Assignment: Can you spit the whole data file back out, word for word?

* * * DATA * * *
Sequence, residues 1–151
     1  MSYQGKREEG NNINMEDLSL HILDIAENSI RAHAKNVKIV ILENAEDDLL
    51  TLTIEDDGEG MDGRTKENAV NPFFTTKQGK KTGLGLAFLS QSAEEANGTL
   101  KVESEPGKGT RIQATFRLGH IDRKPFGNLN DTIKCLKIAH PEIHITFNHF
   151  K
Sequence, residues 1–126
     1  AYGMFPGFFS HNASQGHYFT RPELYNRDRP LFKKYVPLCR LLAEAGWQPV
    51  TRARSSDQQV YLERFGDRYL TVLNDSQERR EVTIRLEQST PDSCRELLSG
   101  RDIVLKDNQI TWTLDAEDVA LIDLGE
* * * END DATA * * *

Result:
Sequence, residues 1–151
     1  MSYQGKREEG NNINMEDLSL HILDIAENSI RAHAKNVKIV ILENAEDDLL
    51  TLTIEDDGEG MDGRTKENAV NPFFTTKQGK KTGLGLAFLS QSAEEANGTL
   101  KVESEPGKGT RIQATFRLGH IDRKPFGNLN DTIKCLKIAH PEIHITFNHF
   151  K
Sequence, residues 1–126
     1  AYGMFPGFFS HNASQGHYFT RPELYNRDRP LFKKYVPLCR LLAEAGWQPV
    51  TRARSSDQQV YLERFGDRYL TVLNDSQERR EVTIRLEQST PDSCRELLSG
   101  RDIVLKDNQI TWTLDAEDVA LIDLGE